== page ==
OPEC and IEA Make Rare Joint Statement
March 17th, 2020
The OPEC and non-OPEC technical meeting planned for today in Vienna has been called off.
The IEA and OPEC said in a rare joint statement that developing nations’ oil and gas income will fall by 50% to 85% this year to a more than two-decade low if current market conditions persist. The statement from IEA Director, Fatih Birol, and OPEC Secretary-General, Mohammad Barkindo, said this is likely to have “major social and economic consequences”, notable for public sector spending in areas like healthcare and educations.
Goldman Sachs Equity Research said, “in the near-term, we believe that oil prices will likely need to move lower towards cash costs.” Goldman Sachs sees the US economy contracting 5% in the second quarter after zero growth in the first, with the short downturn probably deemed a recession. The full-year GDP forecast was cut to 0.4% on predictions for growth of 3% and 4% in the final two quarters and strong gains in early 2021. Goldman Sachs also cut its price forecast for Brent crude oil to just $20 per barrels for the second quarter.
So far Russia and Saudi Arabia have been on an all-out price war. Discounting prices, going after each other’s customers at any price and, saying they will produce at record levels. This has helped push prices to low level the market has not seen in years. There are some news reports this morning that Russia maybe easing a bit. Report say that Russian Energy Minister, Alexander Novak, may be holding a conference call with all their nations oil companies to discuss production plans because of the market volatility. Maybe some cooler head will eventually prevail.
From a Bloomberg report: “The growing fear is that consumption, which averaged just over 100 million barrels a day in 2019, may contract by the most ever this year. That would quickly outstrip the loss of almost 1 million barrels per day in 2009 and even surpass the 2.65 million barrels registered in 1980 when the world economy crash after the second oil crisis.”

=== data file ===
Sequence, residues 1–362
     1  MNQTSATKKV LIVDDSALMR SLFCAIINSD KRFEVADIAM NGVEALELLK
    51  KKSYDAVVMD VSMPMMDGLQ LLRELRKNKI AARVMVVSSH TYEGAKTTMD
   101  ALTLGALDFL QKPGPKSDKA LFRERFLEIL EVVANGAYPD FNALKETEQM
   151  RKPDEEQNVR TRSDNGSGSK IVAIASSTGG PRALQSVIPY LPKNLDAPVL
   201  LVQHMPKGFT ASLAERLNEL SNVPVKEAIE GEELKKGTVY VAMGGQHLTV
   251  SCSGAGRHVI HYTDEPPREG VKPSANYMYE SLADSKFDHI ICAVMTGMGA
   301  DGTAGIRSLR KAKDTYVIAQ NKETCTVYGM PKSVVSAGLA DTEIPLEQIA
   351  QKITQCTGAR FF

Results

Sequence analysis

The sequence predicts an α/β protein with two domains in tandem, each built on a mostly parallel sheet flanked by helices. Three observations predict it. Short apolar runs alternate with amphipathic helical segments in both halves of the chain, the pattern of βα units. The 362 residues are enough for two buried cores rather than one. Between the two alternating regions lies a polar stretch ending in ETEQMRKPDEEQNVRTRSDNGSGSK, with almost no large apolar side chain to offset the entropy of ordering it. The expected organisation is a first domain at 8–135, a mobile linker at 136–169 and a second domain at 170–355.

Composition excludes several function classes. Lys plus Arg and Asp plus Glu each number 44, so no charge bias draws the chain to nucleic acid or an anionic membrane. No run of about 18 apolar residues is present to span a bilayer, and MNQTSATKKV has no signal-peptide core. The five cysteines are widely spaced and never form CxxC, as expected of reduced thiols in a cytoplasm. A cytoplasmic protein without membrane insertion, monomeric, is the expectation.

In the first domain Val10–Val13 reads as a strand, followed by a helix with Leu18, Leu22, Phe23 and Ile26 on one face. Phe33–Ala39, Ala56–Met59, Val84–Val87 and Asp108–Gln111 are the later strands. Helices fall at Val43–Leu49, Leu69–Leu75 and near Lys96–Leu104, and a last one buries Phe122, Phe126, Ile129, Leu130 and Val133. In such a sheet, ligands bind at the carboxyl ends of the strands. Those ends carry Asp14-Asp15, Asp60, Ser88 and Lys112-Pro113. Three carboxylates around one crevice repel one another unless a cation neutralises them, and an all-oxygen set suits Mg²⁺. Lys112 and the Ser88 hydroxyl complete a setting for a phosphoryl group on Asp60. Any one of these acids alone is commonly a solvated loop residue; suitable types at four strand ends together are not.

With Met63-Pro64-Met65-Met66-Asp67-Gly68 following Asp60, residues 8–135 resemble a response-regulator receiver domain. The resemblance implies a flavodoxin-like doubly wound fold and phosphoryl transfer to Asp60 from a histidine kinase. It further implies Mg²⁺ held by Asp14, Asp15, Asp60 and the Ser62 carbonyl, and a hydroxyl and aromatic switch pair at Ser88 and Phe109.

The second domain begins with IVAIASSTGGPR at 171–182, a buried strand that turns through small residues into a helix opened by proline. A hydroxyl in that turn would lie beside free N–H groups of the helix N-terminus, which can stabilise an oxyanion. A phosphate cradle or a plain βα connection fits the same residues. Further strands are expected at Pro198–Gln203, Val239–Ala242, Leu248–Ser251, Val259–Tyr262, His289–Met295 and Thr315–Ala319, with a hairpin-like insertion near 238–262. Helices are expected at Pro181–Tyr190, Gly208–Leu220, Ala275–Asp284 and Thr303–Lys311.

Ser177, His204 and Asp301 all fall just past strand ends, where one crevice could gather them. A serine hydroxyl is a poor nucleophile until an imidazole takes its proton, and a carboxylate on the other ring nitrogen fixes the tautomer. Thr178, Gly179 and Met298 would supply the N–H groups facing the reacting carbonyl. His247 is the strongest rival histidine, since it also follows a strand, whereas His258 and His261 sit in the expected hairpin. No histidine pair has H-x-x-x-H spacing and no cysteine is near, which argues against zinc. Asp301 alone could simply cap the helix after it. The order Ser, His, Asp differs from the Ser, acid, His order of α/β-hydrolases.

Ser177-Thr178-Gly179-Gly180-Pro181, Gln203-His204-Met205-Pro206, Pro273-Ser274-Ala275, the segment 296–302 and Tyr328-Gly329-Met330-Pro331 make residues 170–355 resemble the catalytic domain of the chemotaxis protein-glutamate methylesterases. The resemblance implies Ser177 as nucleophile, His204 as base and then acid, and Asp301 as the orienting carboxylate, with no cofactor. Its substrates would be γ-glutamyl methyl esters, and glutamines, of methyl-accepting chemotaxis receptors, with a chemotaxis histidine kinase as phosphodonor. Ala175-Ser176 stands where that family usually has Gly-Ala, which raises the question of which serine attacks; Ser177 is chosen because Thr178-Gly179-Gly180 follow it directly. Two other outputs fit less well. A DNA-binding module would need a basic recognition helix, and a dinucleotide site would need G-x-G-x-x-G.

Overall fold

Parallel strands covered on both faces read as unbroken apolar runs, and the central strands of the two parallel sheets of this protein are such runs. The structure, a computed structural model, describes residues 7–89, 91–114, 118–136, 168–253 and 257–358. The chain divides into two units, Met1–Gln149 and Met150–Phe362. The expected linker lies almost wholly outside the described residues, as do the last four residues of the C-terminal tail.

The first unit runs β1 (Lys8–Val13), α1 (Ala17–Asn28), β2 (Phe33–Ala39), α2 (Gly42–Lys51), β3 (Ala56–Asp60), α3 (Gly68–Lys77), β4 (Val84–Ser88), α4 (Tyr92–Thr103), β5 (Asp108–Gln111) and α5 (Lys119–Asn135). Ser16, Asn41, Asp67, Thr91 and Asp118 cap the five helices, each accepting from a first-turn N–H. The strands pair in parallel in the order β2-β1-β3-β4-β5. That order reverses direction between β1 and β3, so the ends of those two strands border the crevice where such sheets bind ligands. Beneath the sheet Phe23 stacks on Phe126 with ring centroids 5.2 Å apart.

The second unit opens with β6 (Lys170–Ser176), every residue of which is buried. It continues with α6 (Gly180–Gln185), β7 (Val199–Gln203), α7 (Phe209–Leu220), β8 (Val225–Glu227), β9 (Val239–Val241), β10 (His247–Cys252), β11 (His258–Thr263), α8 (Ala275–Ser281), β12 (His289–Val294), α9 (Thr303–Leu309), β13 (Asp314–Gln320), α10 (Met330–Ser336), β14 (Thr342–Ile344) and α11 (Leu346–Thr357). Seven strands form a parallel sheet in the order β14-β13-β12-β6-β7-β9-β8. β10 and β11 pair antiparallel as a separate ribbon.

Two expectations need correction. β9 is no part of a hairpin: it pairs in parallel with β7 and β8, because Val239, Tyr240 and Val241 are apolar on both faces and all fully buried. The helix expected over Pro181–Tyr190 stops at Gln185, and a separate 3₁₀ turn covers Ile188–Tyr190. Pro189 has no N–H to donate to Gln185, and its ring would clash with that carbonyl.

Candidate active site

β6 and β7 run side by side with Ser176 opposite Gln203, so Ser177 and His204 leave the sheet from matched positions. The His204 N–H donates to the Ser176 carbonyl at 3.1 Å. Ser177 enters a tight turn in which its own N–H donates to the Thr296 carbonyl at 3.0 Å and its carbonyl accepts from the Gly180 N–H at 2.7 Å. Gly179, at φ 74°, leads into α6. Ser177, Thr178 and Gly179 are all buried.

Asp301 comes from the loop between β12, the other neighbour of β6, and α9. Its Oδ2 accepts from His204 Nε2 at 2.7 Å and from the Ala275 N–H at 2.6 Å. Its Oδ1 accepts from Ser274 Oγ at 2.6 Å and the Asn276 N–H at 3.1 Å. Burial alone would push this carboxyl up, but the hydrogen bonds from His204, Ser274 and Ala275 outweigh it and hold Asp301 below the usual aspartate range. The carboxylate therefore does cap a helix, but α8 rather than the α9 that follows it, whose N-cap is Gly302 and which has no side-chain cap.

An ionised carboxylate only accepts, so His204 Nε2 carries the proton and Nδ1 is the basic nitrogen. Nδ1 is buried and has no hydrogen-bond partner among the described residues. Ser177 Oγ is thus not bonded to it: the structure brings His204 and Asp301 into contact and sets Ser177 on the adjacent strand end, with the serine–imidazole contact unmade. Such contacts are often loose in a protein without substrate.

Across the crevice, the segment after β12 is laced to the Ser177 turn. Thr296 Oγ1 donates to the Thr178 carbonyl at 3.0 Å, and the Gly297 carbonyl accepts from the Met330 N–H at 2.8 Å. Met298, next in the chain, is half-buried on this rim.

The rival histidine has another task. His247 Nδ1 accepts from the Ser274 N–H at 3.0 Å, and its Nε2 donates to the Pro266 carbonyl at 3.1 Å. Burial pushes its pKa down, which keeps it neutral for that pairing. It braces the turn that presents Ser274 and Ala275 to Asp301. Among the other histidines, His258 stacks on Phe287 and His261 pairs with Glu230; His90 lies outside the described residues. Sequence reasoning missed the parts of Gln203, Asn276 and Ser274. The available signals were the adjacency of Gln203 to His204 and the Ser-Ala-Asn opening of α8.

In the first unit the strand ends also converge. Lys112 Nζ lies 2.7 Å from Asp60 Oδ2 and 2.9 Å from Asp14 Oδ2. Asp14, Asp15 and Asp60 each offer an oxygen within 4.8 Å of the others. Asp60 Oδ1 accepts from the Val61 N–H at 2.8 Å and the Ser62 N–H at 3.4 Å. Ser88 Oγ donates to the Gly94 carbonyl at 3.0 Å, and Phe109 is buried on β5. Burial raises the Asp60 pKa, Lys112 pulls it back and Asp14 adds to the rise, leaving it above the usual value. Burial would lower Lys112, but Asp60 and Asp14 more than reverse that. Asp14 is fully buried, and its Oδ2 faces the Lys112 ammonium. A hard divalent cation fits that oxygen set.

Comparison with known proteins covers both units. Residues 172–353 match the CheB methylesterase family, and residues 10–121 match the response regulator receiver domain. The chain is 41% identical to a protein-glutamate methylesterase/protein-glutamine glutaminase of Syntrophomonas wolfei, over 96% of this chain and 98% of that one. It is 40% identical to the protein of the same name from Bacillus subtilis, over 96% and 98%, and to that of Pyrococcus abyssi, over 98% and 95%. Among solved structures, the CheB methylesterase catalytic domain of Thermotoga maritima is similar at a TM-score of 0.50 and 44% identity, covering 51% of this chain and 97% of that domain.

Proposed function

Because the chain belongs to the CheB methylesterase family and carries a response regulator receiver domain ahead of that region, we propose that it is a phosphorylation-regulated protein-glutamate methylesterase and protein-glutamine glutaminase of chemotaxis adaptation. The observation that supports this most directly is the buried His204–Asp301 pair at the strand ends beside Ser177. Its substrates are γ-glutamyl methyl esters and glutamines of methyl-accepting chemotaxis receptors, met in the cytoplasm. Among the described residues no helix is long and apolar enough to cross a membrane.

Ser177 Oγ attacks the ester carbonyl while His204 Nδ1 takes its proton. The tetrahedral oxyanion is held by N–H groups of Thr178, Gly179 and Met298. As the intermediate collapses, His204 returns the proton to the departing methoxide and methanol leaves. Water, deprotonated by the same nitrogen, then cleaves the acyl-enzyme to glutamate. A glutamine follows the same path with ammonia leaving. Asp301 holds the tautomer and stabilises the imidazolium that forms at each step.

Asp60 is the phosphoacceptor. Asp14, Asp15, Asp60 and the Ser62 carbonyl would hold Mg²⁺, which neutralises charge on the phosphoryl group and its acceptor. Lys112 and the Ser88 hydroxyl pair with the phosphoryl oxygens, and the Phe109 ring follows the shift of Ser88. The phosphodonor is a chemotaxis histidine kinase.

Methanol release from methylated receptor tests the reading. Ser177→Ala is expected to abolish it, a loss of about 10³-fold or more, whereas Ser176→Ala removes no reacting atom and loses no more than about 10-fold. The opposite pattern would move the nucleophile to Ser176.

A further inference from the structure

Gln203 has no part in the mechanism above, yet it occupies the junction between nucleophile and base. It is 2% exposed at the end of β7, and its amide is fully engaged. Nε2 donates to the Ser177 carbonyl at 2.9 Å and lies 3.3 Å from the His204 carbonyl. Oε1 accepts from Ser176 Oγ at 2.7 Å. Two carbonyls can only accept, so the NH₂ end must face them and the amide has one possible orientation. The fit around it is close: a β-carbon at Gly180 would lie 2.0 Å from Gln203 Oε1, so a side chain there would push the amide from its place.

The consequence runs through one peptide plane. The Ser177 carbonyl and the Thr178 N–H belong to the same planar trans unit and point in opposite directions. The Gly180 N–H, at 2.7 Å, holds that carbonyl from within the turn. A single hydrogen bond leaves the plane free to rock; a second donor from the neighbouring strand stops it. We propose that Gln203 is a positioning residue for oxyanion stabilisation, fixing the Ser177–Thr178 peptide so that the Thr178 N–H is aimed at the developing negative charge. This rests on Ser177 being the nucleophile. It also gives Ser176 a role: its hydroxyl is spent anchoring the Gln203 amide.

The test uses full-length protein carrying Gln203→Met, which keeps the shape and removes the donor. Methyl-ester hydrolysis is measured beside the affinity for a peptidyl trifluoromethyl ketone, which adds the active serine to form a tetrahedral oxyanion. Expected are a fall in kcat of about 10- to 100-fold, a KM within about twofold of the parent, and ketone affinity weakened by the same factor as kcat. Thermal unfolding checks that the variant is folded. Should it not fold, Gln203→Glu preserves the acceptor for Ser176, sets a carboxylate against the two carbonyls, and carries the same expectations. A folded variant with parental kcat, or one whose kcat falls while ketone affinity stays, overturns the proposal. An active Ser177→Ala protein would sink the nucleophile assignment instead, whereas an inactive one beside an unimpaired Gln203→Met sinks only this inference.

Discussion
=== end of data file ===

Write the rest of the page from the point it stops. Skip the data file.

Saudi Aramco’s Chief Financial Officer, Khalid al-Dabbagh, said the company can sustain a low break even oil price. He said Saudi Aramco was “very comfortable” with $30 per barrel oil price and that it can meet its dividends commitments and shareholder expectations even with current low oil prices. He said the company has “massive capacity” to borrow but does not need additional debt. Meanwhile, Saudi Aramco’s CEO, Amin Nasser, said the company is likely to sustain higher oil output planned for April and May, signaling it is prepared to live with low oil prices for a while. He said the company would draw 300,000 bpd from its oil inventories to reach that record supply next month, and that it can sustain its maximum oil production capacity of 12 million bpd for a year with no need for further spending.